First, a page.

BraveTart: Holiday Fauxreos
The mere sight of an Oreo stirs up feelings in me disturbingly like love. Not, of course, a torrid, star crossed love. Or even a simple storybook love. No, Oreos give you the kind of love only found in a long term relationship. They're familiar, comforting and pretty good in bed. (Oh, like you never eat cookies in bed?)
And while Oreos never disappoint, they never offer excitement or surprise either. Except around the holidays.
Like seeing someone you love in a new place, in new clothes, with a new attitude. Suddenly, all of that familiarity vanishes and you can only think of how good they look in red. Or how you can't believe you've never played in the snow together. Or delectable they look in that fluffy white robe.
I'm talking about Nabisco's Limited Edition Winter Oreos, Candy Cane Oreos, and Creamy White Chocolate Oreos.
Of them all, Winter Oreos offer the most superficial charm. Taking a page from Number 6's human seduction playbook, Winter Oreos wear a sultry red. The culinary equivalent of donning a fur trimmed red hat and singing "Santa Baby." Kinda cute, but not very clever.
Candy Cane Oreos, however, come dashing through the snow, hell-bent on making spirits bright. Nothing says "Christmas Spirit" quite like a candy cane. These Oreos wear a charming snowflake stamp on top with a sporty swirl of red and white inside. But they do more than look pretty. They have an addictive peppermint flavor (fact: Chocolate carved Peppermint's name on a tree in the 6th grade) and, even better, the crystalline crunch of candy canes bits inside.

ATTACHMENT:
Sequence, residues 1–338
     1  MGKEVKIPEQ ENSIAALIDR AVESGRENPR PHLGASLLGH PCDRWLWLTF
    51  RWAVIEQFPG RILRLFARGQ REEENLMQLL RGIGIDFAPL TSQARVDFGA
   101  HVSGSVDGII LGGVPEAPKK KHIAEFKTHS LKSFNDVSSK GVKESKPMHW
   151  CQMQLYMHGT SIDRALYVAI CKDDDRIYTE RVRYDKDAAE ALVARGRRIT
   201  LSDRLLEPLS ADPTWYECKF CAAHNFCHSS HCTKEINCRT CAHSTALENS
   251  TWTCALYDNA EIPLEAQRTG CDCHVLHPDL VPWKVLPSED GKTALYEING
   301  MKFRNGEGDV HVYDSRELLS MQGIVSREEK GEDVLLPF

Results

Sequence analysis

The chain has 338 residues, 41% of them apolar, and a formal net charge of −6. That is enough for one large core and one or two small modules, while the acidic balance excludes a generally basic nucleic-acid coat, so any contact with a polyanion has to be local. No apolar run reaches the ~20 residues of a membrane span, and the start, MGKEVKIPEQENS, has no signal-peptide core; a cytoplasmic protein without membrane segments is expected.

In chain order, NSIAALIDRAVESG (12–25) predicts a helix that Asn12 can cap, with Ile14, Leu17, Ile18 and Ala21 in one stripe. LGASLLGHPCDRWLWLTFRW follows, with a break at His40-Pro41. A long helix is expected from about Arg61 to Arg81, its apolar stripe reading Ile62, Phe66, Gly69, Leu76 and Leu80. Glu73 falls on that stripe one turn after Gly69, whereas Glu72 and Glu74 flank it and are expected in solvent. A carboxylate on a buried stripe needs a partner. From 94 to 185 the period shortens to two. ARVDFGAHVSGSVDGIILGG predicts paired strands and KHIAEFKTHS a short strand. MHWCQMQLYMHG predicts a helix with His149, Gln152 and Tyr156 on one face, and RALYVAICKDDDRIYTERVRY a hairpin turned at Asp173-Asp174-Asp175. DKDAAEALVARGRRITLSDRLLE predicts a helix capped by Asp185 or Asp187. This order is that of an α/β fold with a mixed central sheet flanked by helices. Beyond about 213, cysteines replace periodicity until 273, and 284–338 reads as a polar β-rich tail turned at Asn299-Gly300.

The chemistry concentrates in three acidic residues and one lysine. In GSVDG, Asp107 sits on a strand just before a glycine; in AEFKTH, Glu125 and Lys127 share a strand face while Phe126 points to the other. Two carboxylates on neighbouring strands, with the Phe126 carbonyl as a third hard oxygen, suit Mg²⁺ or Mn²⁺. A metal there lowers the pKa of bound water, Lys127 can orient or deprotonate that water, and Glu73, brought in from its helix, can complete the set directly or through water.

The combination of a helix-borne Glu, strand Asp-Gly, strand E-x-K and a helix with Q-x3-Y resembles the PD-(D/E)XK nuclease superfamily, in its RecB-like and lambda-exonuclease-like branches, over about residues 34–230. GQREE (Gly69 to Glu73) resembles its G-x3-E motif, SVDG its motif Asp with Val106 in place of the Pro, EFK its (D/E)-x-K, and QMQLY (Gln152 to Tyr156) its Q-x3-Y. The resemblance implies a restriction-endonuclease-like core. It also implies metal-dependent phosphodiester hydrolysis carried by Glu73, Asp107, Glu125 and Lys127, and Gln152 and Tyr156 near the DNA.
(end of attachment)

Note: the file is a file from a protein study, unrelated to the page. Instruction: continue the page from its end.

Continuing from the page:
To continue the cookies-as-Christmas-songs motif, Creamy White Chocolate Oreos would definitely sing, "Baby It's Cold Outside." One look at the heavy coating of pseudo-white Chocolate and you'll be all like, "I ought to say no, no, no." But White Chocolate Oreo, having none of it, lays it on thick: "Your eyes are like starlight now." Next thing you know the wrapper's on the floor...
The problem with the Limited Edition Holiday Oreos? They really mean business with that "Limited" nonsense. I've never even spotted the Candy Cane variety in the wild. So rather than drive from store to store trying find something that may not even exist, why not make some for yourself?
Swipe a few candy canes off the tree and fall in love with Fauxreos all over again.
Get the Recipe
About the Author: Stella Parks suffers from an unhealthy obsession with recreating the mass produced snacks of her childhood, but ironically is employed by a Frenchman to make the high brow desserts of his childhood. She blogs that dichotomy at bravetart.com and can be followed on Twitter at @thebravetart.